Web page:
Nirvana reunion: Dave Grohl's 13-year-old daughter steals the show
When arts charity the Art of Elysium announced the lineup for its annual Heaven Is Rock and Roll Gala in Los Angeles, the attention was on the second “reunion” of Nirvana: Dave Grohl, Krist Novoselic and Pat Smear would come together again for just the fourth time since the band’s demise in 1994. This time, St Vincent would join them (as she did at two 2014 performances heralding Nirvana’s induction into the Rock and Roll Hall of Fame), plus Beck. But it was the least starry name who stole the show: Grohl’s 13-year-old daughter, Violet.
The setting was somewhat more sterile than Nirvana’s febrile 2014 show at a tiny Brooklyn venue. Before the bands got under way, a host of celebrities walked the red carpet including Rufus Wainwright, Bella Hadid, Jack Black, Moby and photographer Mick Rock. The more generous guests had paid up to $50,000 (£38,000) to attend a dinner and a two-hour show, curated by host Linda Perry, to raise money for sick children. But the performances were valiantly potent in the face of a largely sedentary room: 80s feminist punks L7 played their still riotously relevant call-to-arms Shitlist. “Right you motherfuckers, this is a fucking rock show!” screamed singer Donita Sparks, urging half a dozen game diners to form a small circle pit at the lip of the stage.
Although not a performer noted for fitting in with social conventions, Marilyn Manson traded his pantomime metal for an event-appropriate crooning cabaret act with Linda Perry at the piano, offering dramatic, sombre renditions of his hit The Dope Show and Eurythmics’ Sweet Dreams (Are Made of This).
violet grohl is 13-years-old, performing “heart-shaped box” with nirvana, st vincent and beck @theartofelysium’s benefit 01-04-2020
A post shared by evie b (@evebarlow) on Jan 5, 2020 at 12:53am PST
Finally, the assembled set down their pizza and stood as close to the stage as they could for the act billed as “Dave and friends”. In 2014 Nirvana reunited at the Rock and Roll Hall of Fame with Lorde, Joan Jett and St Vincent on vocals. In 2018, at Grohl’s own annual Cal Jam festival, he brought Novoselic, Smear and Jett onstage, plus Deer Tick’s John McCauley, to close out the one-day rockathon after he headlined with Foo Fighters. Two years on, Grohl walked out, slammed thrice on the drums and ushered St Vincent (real name Annie Clark) and Beck on to join him for still hair-raising renditions of Lithium (sung by Clark), In Bloom (shared by Clark and Beck) and Been a Son.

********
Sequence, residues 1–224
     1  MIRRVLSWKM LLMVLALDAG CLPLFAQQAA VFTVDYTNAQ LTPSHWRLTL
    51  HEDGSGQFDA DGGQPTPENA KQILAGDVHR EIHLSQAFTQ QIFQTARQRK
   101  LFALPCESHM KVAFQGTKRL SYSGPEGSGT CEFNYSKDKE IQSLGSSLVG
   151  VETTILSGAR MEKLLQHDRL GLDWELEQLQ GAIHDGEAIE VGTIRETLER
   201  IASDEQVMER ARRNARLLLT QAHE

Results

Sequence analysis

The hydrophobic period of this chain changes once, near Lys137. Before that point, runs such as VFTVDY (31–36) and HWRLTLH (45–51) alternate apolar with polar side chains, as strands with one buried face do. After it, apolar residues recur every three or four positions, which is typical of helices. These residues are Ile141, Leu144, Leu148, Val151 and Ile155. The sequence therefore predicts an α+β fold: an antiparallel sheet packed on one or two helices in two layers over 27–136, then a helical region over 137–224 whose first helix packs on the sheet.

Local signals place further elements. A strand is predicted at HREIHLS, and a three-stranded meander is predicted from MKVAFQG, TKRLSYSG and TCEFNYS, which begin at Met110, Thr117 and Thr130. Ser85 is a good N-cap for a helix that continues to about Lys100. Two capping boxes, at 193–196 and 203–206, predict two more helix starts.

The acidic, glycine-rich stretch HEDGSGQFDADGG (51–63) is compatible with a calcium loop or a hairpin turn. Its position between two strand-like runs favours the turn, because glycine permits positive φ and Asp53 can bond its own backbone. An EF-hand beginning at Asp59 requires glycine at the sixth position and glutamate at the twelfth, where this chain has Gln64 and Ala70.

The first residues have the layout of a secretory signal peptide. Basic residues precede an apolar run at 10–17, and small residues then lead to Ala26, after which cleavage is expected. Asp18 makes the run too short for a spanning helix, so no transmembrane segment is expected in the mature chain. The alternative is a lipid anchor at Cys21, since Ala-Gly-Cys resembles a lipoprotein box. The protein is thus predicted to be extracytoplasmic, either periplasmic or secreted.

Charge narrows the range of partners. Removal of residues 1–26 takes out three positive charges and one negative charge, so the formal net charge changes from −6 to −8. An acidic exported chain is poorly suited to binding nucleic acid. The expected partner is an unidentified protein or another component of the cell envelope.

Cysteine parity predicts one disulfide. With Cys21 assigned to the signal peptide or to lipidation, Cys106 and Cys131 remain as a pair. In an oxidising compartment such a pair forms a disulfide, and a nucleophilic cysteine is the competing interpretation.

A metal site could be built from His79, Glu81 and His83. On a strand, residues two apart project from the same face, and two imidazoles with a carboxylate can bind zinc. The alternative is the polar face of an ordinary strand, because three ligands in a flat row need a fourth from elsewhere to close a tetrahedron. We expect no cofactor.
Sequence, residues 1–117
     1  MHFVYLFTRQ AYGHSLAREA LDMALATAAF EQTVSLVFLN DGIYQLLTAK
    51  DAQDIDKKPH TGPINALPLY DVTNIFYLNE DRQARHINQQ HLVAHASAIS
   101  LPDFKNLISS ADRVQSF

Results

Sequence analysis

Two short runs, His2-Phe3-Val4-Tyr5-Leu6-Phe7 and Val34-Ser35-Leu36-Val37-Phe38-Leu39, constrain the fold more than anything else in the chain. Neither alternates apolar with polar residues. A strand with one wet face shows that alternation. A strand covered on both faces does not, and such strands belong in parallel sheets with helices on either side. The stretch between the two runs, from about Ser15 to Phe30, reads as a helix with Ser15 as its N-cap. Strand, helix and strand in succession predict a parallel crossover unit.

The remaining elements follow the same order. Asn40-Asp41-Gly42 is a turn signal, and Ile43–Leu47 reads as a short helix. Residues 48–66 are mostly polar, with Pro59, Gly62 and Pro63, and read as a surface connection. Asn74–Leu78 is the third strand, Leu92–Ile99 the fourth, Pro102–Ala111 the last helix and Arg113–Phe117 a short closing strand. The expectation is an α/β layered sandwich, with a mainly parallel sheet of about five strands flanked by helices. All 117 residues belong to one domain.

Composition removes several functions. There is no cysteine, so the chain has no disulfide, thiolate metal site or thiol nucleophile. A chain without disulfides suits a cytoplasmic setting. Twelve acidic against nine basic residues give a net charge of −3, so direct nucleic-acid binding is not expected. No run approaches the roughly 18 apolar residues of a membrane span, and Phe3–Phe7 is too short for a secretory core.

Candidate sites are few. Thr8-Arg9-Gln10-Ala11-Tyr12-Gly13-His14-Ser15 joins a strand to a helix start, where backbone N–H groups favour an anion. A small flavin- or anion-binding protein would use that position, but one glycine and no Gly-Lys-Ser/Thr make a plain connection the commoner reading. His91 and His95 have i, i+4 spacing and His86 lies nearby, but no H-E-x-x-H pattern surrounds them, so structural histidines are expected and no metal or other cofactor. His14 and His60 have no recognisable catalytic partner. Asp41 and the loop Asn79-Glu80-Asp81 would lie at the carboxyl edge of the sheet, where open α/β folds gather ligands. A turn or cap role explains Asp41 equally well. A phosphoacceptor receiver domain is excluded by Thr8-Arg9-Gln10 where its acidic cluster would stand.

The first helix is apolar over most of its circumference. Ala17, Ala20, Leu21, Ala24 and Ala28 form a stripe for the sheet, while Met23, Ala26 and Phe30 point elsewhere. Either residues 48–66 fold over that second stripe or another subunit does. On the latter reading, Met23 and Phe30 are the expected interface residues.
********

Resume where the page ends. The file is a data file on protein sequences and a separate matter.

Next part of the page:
Breaking for air, Beck took a moment to reminisce as he admired the “pretty good mosh pit” the guests had formed in front of him. He said that the wildest crowd he had ever been in was in this room. “I walked out of that mosh pit and my hands were bleeding. I didn’t know why,” he says. “And the band was Nirvana.”
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But it was Violet Grohl’s haunting rendition of Heart-Shaped Box that felt like a purposeful passing of the torch to a future generation. The teenager has already had her own bands, and made her live debut at LA’s Roxy Theatre in a daytime show that her dad described as being like “a hardcore matinee at fucking CBGBs or something”. She has appeared on stage with him several times in recent years, including a duet on a cover of a song by Billie Eilish at a 2019 charity event. (Strikingly, her father recently said that Eilish’s connection with her audience “is the same thing that was happening with Nirvana in 1991”.)
As Beck and St Vincent duelled on guitar and her father thrashed his kit behind her, she embodied Cobain’s lyrics as if wailing them in a room completely alone, channelling the alienation of adolescence that has made Cobain a leader for generations of youth eternal. And potentially offering Grohl a different kind of lifeline. In an outtake from a 2019 Guardian interview, he speculated on his oldest daughter’s musical future: “Maybe some day she’ll be the singer in a band so someone else can pay the fucking bills around here!”